Before Twitter, Instagram and blogs were the preferred source of entertainment news, journalists had to get out there and grind to get the scoop. Much like The Breaks character Damita Alonzo, a reporter from The Village Voice trying to bring this brand new genre to the forefront, The OG’s of hip hop journalism had to hustle (and catch some beef along the way) to get ahead.
Behind The Breaks host Sway Calloway sat down with VIBE Editor-In-Chief Datwon Thomas, former Source Magazine EIC Kim Osorio, and The Breaks co-creator Dan Charnas for their take on just how true-to-life Damita’s journey in early 90’s hip hop print journalism is. After all, they all got their start in the early 90’s, too.
“Before [The Source Magazine], the only places where you could see serious hip hop journalism were in Spin Magazine which was an alternative rock magazine, and the Village Voice out of New York,” Dan explains about the turning point for the evolution of hip hop scribes.
Though all three of these talented writers were lucky enough to break the mold by working for some of the first hip hop-centric magazines, that sometimes came with a price. Datwon remembers running into one of his interview subjects at a busy NYC nightclub only for said artist to try to set it off with him over the profile he wrote. Kim had an artist slash her tires over a feature. Clearly, Erykah Badu wasn’t lying… artists really are sensitive about their sh-t.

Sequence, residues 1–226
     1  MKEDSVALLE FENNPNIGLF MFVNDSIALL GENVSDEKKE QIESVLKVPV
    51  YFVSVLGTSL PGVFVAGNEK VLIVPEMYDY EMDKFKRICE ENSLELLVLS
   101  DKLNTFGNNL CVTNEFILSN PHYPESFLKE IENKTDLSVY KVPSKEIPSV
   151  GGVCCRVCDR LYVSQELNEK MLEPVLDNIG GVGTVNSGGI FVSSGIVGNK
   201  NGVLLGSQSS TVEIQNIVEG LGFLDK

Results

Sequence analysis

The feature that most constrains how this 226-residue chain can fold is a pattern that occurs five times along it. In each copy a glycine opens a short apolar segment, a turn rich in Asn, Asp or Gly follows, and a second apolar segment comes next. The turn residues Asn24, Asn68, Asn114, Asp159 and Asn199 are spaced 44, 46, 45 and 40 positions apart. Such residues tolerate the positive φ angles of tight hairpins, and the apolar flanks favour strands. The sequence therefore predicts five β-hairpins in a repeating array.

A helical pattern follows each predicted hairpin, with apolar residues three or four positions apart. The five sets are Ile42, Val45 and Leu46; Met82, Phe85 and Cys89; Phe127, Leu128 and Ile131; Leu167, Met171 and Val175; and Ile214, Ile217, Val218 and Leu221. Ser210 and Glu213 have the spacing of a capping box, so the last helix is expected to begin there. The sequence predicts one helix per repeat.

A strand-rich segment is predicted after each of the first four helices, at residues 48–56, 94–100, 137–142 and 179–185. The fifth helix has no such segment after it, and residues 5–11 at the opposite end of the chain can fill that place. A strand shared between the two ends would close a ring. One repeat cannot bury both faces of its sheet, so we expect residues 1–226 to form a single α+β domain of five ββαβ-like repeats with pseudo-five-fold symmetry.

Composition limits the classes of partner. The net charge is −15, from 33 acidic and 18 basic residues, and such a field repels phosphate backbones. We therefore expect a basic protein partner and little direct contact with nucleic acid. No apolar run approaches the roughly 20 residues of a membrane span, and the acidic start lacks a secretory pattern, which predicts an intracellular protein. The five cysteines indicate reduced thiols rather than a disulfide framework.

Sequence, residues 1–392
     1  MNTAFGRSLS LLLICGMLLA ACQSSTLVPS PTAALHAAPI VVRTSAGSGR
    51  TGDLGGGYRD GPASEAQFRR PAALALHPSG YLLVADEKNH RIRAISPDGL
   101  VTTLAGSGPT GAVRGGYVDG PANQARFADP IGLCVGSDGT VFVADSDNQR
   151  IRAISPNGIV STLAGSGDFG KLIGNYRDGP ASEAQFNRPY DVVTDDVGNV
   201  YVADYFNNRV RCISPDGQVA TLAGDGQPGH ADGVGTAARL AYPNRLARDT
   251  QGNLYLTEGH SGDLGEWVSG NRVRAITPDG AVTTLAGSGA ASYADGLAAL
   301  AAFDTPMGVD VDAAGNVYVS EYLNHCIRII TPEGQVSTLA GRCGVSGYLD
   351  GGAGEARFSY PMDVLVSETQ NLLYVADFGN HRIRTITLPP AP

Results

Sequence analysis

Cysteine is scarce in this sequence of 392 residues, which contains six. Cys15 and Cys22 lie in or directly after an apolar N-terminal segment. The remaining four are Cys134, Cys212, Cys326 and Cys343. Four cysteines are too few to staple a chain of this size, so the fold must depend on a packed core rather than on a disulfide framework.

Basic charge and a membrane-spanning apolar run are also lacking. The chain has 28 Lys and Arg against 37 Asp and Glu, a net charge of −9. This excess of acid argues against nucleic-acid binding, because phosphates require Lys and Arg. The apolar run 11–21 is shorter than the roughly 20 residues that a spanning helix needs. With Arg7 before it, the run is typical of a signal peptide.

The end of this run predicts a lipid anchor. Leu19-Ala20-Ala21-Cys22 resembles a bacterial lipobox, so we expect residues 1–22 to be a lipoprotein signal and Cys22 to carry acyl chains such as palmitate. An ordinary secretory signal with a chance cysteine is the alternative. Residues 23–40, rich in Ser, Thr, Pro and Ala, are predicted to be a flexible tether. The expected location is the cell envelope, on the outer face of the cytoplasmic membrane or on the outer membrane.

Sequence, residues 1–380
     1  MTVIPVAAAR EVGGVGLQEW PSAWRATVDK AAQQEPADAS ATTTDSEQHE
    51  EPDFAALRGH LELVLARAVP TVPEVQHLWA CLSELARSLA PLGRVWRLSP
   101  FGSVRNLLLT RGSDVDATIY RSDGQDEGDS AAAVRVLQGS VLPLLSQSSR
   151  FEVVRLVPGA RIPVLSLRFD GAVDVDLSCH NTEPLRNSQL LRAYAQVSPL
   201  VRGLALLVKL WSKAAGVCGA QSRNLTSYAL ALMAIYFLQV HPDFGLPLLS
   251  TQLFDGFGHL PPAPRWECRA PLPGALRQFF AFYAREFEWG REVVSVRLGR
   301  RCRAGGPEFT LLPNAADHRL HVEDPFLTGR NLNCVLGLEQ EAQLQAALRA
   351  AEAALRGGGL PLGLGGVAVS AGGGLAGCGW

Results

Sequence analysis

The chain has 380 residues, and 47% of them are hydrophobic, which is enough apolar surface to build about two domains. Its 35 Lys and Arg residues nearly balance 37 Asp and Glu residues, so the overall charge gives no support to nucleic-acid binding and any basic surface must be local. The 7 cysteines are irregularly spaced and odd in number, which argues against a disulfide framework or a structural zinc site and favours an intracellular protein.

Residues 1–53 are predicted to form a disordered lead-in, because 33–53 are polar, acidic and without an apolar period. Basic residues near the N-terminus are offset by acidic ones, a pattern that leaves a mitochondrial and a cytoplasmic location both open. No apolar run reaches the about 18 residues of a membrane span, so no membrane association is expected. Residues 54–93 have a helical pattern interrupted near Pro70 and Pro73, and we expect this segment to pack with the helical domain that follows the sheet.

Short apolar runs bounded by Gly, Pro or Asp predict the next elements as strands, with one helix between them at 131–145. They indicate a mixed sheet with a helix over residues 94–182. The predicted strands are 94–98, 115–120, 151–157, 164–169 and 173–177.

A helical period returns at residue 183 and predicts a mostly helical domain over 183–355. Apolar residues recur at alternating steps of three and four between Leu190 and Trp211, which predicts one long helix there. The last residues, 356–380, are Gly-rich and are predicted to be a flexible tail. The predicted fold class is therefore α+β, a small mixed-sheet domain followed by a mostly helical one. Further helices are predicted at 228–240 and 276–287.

“It’s interesting, that relationship between journalists and artists,” Dan reflects. “You have artists who make a career out of talking real tough, but they get real thin skinned and sensitive when it comes to the work of journalists. So it’s an interesting relationship between poetry and prose…we kinda do what they do on a different level. We care about them and they care about us.”
Check out the rest of the interview above!
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